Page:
You can find much more useful information about props in More Than Motors, available here

This refers to the number of times the windings are wound around the armature of a brushed motor, or the equivalent in a brushless motor. A single wind would be once around the shaped armature, two winds twice and so on. Varying the number of turns of wire in the coils varies the magnetic field, and therefore also the motor’s characteristics.

A greater number of turns can yield stronger magnetic fields, however space inside a motor is always at a premium, so all else being equal, to achieve a greater number of turns, thinner wire must be used. Thinner wire has a greater resistance and therefore a limited ability to carry a high current. The motor’s designer must therefore make compromises to attempt to achieve the desired motor characteristics.

A motor made with a high number of turns (winds) will generally have a higher torque and a low kv (low rpm per volt). It will also have higher copper losses because of the higher resistance of the winding wire than motors with lower turns and larger winding wires. Similarly, motors with a small number of winds are characterised by higher rpm and lower torque.

Motors for electric RC applications are often partially identified by the number of turns, or winds making up the wraps of each coil. However, this single piece of information is of limited use when choosing a motor for an electric power system.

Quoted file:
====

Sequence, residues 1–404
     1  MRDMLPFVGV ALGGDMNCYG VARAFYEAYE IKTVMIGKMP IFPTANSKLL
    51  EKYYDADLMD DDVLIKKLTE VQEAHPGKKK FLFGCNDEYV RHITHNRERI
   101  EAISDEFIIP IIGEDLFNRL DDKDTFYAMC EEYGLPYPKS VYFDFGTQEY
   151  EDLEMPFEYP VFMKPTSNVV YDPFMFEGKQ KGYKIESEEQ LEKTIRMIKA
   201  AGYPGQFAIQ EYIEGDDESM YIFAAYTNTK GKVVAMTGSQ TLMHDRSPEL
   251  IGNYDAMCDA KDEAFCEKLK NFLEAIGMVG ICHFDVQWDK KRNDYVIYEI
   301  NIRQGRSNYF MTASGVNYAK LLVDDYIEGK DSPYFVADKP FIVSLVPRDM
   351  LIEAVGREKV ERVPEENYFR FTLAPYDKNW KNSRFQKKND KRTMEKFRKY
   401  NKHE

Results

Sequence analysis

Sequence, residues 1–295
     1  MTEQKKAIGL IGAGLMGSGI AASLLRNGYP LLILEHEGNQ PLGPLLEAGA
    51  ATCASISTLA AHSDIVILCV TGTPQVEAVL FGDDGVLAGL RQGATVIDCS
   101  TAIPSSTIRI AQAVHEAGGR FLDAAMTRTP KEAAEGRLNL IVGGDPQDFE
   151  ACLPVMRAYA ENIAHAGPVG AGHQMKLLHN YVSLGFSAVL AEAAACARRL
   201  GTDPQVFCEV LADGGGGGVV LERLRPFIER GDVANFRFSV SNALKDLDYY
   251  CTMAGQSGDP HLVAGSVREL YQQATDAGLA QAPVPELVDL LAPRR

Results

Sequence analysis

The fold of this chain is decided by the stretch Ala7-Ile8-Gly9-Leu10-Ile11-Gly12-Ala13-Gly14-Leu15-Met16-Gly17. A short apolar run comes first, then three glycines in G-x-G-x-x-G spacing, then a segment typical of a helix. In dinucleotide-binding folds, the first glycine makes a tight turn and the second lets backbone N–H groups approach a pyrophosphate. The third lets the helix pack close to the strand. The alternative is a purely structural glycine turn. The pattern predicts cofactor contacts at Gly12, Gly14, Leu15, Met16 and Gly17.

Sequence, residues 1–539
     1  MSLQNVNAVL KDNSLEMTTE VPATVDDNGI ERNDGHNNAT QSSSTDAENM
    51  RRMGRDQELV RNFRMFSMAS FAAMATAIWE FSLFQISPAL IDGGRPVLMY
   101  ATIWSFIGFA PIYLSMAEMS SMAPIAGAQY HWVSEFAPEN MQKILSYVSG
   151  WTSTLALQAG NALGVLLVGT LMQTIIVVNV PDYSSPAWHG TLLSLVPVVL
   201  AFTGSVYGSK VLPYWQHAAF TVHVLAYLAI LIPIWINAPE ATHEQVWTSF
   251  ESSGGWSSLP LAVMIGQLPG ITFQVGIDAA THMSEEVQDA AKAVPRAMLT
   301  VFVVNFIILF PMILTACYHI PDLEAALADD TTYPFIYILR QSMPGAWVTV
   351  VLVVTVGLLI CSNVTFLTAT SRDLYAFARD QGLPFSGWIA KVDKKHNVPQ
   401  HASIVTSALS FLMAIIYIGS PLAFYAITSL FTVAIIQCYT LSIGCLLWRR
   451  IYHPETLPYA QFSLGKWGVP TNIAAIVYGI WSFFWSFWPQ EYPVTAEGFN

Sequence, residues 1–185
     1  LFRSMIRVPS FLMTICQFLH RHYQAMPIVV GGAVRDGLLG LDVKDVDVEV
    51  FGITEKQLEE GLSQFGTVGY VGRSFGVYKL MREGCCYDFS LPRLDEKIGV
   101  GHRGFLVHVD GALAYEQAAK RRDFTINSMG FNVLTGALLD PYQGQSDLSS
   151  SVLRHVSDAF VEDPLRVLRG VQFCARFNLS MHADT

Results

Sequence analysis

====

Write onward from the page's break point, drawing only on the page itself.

Transmitter, Tx
The transmitter is the device used to send signals to the model's receiver. The receiver decodes the signals and sends a command to the servos. Tx is an abbreviation for transmitter.


This is the unit of electrical potential. Volts are the electrical equivalent of pressure in a hosepipe – it is the pressure that causes the water to flow. Without pressure, no water will flow, and hence, there will be no current. Voltage is measured in Volts, abbreviated to "V". The symbol for voltage in equations is also "V".

Watts are a measure of electrical power. Electrical power is found by multiplying Voltage and Current:

Power = Volts x Amps. (For example, 1W = 1V x 1A)

Motors are rated for a maximum current at a maximum voltage. It is therefore simple to find the Wattage (power consumption) of a motor if we know these ratings. For example, a motor intended to operate on 10 Volts and rated at 12 Amps would be capable of consuming 10 x 12 Watts – 120 W.

See also the glossary entry for ‘power’.

You can find more useful information about electricity in Mastering Motors, available here

Winds is another name given to the number of turns of wire within an electric motor. See the entry ‘turns’.

Wing loading
The wing loading of a model is found by dividing the model's weight by its wing area. Traditionally, wing loading for models is expressed in ounces per square foot, or oz/sq ft. There are 144 square inches in one square foot.

A model weighing 12 ounces which has 144 square inches (1 square foot) of wing area would have a wing loading of 12 ounces per square foot. Similarly a model with a weight of 60 ounces and 360 square inches (2.5 square feet) has a wing loading of 25 oz/sq ft.

The larger the model, the higher the wing loading may be for acceptable flight performance. Almost all of the models featured in the articles section all have wing loadings given.

WOT is an abbreviation for Wide Open Throttle, i.e. the full power condition. Of course, it’s only carbureted internal combustion engines that have a throttle as such, but the term WOT is still a useful term of reference to use with electric flight, denoting the full power condition.

This is an abbreviation for weather, and is often used by full size pilots.